back to article P0wned plug-in puts a million WordPress sites at risk of attack

Up to a million WordPress websites could be open to full compromise through a vulnerability in the WP-Slimstat plug-in, security bod Marc-Alexandre Montpas says. The weak key flaw can expose admin credentials; bad news for the folks who've downloaded the plug-in 1.3 million times. A patched version of the plug-in has been …

  1. Pen-y-gors

    Fundamental problems

    Basic Wordpress is quite neat, but seriously dangerous in the hands of amateurs (i.e. 99% of Wordpress users). It's the insecure plugins that are the problem, as the article notes.

    I had a couple of clients who were very keen to get their own Wordpress site up and running, and wanted hosting. My solution was to buy a separate reseller hosting package from 1&1 and ONLY use it for Wordpress. If any of the sites get hammered then hopefully they can't damage anything else. (and if they can get outside the boundaries of the reseller account that's 1&1's problem) Obviously I also warned the customers about unnecessary plug-ins!

    1. Tom 38

      Re: Fundamental problems

      Similar issues here - we won't let Marketing maintain and run their own Wordpress server, and they refuse to allow us to maintain and run it, as they then can't just whack any plugin they fancy on it.

      The impasse was solved by them buying (at outrageous prices) hosted wordpress that we have nothing to do with. It's going to blow up at some point, guaranteed, but it won't be on our servers, in our network and with our data.

    2. Compression Artifact

      Re: Fundamental problems

      "Basic Wordpress is quite neat, but seriously dangerous in the hands of amateurs (i.e. 99% of Wordpress users)."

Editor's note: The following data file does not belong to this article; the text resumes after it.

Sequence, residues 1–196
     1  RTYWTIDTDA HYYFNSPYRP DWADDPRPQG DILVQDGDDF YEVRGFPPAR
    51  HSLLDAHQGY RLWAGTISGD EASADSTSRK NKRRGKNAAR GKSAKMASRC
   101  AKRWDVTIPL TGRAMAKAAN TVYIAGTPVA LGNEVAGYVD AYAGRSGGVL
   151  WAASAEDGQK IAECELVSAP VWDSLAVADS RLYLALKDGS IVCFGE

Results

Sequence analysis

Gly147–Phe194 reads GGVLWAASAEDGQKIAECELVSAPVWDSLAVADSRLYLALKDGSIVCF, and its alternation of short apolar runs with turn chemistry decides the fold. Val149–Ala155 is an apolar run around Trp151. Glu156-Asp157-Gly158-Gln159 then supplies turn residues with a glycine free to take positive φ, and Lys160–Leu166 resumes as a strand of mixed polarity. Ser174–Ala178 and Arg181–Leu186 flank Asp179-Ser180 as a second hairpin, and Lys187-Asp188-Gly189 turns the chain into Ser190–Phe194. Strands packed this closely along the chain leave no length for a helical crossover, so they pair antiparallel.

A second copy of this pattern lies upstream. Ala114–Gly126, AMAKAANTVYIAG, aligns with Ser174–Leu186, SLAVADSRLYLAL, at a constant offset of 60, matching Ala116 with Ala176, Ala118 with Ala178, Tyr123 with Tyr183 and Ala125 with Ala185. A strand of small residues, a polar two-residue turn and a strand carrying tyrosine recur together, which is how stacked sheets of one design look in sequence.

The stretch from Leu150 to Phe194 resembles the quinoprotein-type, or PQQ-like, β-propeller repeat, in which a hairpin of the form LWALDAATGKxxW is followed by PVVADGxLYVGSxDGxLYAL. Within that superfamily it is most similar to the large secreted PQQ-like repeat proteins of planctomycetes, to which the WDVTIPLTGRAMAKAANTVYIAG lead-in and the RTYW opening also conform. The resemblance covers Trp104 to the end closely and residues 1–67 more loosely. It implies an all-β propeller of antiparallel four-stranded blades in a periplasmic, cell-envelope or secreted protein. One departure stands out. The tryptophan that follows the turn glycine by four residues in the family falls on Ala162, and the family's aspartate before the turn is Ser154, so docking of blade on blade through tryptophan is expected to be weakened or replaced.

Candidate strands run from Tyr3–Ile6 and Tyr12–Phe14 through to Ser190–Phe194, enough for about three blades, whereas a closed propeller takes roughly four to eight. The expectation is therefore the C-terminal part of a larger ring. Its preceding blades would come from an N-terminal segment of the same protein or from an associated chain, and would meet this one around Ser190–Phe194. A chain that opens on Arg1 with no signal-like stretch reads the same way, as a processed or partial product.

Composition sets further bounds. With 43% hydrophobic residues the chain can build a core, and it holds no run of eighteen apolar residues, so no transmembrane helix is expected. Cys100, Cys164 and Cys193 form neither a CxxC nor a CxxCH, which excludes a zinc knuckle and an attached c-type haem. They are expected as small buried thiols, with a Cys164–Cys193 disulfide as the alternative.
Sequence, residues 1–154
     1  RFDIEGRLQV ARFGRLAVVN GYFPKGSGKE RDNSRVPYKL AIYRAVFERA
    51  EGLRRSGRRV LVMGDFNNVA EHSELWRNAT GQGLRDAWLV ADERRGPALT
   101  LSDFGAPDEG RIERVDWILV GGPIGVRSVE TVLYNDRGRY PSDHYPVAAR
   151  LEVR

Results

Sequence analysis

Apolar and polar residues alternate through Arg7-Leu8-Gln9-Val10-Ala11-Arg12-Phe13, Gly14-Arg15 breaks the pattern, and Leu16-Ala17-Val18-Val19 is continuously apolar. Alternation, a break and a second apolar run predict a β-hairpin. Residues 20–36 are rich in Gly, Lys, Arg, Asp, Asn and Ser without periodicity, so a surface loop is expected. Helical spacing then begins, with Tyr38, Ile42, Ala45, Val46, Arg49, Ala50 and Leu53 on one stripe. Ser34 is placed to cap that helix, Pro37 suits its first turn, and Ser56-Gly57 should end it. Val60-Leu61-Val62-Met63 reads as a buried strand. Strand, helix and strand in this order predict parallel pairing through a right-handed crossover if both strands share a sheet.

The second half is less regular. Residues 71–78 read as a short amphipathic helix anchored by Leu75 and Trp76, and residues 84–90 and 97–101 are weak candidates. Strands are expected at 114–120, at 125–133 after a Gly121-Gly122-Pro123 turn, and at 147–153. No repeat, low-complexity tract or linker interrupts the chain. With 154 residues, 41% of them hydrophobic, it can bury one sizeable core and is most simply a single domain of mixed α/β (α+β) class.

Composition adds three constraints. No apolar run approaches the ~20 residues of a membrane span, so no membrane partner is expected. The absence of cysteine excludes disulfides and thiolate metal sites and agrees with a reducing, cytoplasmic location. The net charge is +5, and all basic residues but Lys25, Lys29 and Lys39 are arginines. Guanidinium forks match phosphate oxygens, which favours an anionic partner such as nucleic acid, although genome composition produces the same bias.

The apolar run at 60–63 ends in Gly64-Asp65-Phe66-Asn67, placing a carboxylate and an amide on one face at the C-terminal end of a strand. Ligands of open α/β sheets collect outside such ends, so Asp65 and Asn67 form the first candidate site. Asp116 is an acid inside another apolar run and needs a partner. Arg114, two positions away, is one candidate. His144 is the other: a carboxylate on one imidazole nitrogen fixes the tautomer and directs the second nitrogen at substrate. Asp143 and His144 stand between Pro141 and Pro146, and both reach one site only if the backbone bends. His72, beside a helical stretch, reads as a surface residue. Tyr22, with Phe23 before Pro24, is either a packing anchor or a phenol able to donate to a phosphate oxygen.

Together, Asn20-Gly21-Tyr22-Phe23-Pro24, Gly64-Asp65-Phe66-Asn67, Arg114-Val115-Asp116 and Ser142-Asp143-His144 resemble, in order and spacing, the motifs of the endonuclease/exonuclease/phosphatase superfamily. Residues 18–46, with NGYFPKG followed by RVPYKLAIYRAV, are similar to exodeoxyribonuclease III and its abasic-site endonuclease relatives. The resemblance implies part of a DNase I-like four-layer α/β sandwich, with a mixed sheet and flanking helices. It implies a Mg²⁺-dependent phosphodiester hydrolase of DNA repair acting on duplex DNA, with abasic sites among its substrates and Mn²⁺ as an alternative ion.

Something I'm seeing more and more of is friends who have no concept of email security (and have a track record of falling for social engineering attacks) going on to new adventures like making amateur websites using free website builders. I always approach these with "shields up." When I go to these sites and NoScript blocks everything, I then have to explain to them what "whitelisting" means and why I'm not going to do it.

      In two cases, their websites were being flagged by Google as "possibly compromised" and they couldn't figure out why. When I checked them out (again, with "shields up"), I saw that they had been hit with the "WordPress Pharma Hack"--not to mention one site having a virus in some of the crap that NoScript was blocking. One site was later rebuilt from scratch using a different builder; the other was taken down and never replaced.

  2. Anonymous Coward

    Asking the big questions.....

    Is WordPress the New Microsoft??

    1. Matt Bryant Silver badge

      Re: Ian Emery Re: Asking the big questions.....

      "Is WordPress the New Microsoft??" Don't be silly, they're just the new Adobe.

    2. Harry Wood

      Re: Asking the big questions.....

      It's similar to microsoft windows if that's what you mean. Hackers write malware for windows because most people run it (plus it tends to be more vulnerable than OSs with stricter permissions models) Hackers attack wordpress because lots of people install it on their website (plus it tends to be more vulnerable having a php enabled webserver and the ability to write to the filesystem for plugins and themes)

  3. VinceH

    "bad news for the folks who've downloaded the plug-in 1.3 million times."

    Why would they do that? Is once not enough?

  4. Crazy Operations Guy

    "if your website uses a vulnerable version of the plug-in, you’re at risk"

    And the award for most obvious statement goes to....

  5. Crazy Operations Guy

    Screw WordPress

    I'm moving my blog back to static HTML and text files... Updating pages by hand has become more attractive to me than constantly updating WordPress and its database.

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